Dr Gladys West
Junious Ricardo Stanton
As we celebrate Black Women’s History we are sharing the life stories of Black women we rarely hear about who have made monumental contributions to society, their people and the world. Today we are sharing the story of Gladys Brown West a mathematician and engineer who helped develop the technology behind a tool we consider indispensible today, the Global Positioning Satellite (GPS).
Gladys Brown was born in 1930 in rural Sutherland Virginia, her exact natal day is not known. At an early age Gladys Brown determined she was not going to earn her living as a farmer tilling the fields on the family farm or working in a tobacco factory like her parents. She heard that the valedictorian of her high school could get a full scholarship so she studied hard and graduated at the top of her high school class. She attended racially segregated schools which was the law in Virginia at that time. She received a scholarship to attend Virginia State College (now University) an HBCU majoring in mathematics.
After graduation from VSC she taught school for several years before returning to school to pursue a Master’s Degree in mathematics also at VSC. Upon earning her Master’s Degree Gladys Brown returned to teaching math. She eventually was hired at the Naval Surface Warfare Center Dahlgren Division in Dahlgren, Virginia. She was one of only four African-American employees at the facility. There she met her future husband Ira West. Mrs. West began working with the IBM computer and had to learn computer programming and coding for the huge mainframe computers at the facility.
Working with the IBM computer, led to new assignments which eventually led to her being a collaborating partner creating new technologies. “In 1962, she joined the Scientific Programming & Analysis Branch in the Computation Division at Dahlgren, where she served on a five-member team that programmed the NORC for Project 29V, a path-breaking astronomical study that established the regularity of the motion of Pluto relative to Neptune, based on 5 billion arithmetic calculations that consumed 100 hours of computing time. Based on the programming team’s Project 29V work, the Department of the Navy gave the team an ‘Award of Merit for Group Achievement’ in December 1964. Thereafter, Dr. West worked on precise calculation of satellite orbits using the NWL’s more advanced Stretch (IBM 7030) computer. Using complex algorithms to account for variations in gravitational, tidal, and other forces that distorted Earth’s shape, she programmed the computer to deliver increasingly refined calculations for an extremely accurate geodetic Earth model, a geoid, optimized for what eventually became the Global Positioning System (GPS) orbit. Without that model, and regular updates thereto, the extraordinary positioning, navigation and timing accuracy of GPS would be impossible to achieve.” https://www.afspc.af.mil/Portals/3/documents/Pioneers/2018_West.pdf?ver=2019-02-15-160233-693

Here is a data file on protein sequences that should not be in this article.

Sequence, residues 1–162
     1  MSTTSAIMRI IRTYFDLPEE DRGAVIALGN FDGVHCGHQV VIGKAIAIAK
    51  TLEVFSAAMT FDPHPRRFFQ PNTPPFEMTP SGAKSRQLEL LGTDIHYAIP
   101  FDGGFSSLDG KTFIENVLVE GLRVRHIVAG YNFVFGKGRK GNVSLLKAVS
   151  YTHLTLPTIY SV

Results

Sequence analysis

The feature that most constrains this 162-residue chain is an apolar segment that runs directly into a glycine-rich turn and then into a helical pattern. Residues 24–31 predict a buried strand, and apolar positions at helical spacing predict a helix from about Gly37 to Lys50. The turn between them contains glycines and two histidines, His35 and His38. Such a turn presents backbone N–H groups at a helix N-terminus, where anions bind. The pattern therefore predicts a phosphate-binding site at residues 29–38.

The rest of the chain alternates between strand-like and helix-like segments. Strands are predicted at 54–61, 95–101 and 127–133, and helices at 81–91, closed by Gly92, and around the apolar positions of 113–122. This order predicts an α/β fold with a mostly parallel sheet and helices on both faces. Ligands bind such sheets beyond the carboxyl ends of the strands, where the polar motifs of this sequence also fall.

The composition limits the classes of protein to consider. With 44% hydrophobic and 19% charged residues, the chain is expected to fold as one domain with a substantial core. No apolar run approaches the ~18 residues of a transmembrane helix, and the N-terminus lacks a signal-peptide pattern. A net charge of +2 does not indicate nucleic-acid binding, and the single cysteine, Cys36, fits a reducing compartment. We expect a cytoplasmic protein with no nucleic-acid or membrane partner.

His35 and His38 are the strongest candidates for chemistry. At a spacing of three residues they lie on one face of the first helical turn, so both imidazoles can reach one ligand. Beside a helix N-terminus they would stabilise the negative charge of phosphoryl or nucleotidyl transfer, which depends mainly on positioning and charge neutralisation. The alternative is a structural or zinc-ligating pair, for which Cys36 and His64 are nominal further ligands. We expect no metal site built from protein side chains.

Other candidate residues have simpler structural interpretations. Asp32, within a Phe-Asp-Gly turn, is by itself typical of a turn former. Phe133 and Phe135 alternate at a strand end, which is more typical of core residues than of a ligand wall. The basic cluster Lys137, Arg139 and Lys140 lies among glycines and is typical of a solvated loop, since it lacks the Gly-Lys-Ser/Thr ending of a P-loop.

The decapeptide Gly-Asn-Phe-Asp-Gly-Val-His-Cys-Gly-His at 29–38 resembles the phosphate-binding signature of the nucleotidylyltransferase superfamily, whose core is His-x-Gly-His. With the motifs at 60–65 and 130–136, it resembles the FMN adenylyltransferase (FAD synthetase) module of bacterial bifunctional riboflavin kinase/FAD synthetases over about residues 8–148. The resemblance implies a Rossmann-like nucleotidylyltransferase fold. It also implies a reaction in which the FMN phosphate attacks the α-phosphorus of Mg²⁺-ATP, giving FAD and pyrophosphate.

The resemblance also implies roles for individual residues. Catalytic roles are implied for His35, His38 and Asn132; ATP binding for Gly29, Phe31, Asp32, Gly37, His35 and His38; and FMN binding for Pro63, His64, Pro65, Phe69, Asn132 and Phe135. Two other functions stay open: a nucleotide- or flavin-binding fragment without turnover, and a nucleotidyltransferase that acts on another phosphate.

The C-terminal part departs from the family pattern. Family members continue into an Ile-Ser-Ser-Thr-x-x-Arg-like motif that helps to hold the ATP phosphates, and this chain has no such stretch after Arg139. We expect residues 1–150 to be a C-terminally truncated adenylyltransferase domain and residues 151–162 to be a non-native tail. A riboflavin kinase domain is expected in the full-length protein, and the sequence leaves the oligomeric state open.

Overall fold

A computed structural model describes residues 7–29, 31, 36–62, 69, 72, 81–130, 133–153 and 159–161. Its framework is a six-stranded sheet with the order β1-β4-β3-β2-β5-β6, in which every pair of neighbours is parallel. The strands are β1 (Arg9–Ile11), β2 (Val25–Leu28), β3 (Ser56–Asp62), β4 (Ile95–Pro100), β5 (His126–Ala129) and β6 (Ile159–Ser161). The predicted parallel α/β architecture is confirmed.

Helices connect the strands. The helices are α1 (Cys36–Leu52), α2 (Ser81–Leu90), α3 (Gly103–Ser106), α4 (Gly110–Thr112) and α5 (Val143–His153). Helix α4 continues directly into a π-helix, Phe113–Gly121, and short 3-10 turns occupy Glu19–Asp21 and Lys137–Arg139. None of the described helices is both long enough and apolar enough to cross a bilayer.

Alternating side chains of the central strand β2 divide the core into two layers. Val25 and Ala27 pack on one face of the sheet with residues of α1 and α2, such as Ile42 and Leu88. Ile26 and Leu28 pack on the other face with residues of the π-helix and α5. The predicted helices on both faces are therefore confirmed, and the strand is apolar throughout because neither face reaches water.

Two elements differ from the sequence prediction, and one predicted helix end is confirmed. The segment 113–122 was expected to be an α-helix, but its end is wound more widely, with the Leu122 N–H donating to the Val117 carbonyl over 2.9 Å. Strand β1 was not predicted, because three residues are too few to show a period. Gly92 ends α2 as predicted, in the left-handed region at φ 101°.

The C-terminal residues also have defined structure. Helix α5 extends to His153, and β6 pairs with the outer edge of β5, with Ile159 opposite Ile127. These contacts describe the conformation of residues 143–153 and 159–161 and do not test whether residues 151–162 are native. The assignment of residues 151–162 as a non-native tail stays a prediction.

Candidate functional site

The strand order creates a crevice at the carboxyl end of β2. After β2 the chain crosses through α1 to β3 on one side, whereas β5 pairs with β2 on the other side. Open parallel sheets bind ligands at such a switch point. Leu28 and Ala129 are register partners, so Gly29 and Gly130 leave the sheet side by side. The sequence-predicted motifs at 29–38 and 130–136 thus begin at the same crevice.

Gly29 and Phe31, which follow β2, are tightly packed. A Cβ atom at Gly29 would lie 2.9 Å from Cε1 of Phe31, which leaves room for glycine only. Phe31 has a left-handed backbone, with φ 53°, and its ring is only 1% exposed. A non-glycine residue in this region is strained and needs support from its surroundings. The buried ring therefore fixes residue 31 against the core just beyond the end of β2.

Mrs. West earned another Master’s Degree in Public Administration in 1973 from the University of Oklahoma. She steadily advanced in her career. “In 1975, one year after NWL was renamed the Naval Surface Warfare Center (NSWC), Gladys West became project manager for the Geodynamics Experimental Ocean Satellite, or GEOS-3, which confirmed conceptually that satellite radar altimeters could be employed for ocean geodesy measurements and resulted in the acquisition of a significant set of data. Then, in 1978, as project manager for SEASAT, West oversaw development of the first satellite capable of remotely sensing oceans, which resulted in further refinement of altitude variations. That led, in 1984, to geodetic data collection from the Geodetic Satellite, or GEOSAT, which enabled all the military services to create computer simulations of Earth’s surface for cutting-edge applications. In June 1986, West published a guide, titled ‘Data Processing System Specifications for the GEOSAT Satellite Radar Altimeter,’ that explained how to calculate the accuracy of geoid heights using GEOSAT data.” Ibid
Mrs. West also earned a PhD in Public Administration from Virginia Polytechnic Institute and State University after she retired. Since her retirement Dr West has worked assiduously promoting and encouraging youngsters to develop a love and appreciation for science, technology, engineering and mathematics (STEM). In her nineties Dr West finally began receiving recognition for her pioneering work and creation of GPS technology. In 2018 Dr. West was honored by the Virginia General Assembly and inducted into the Air Force Space and Missile Pioneers Hall of Fame.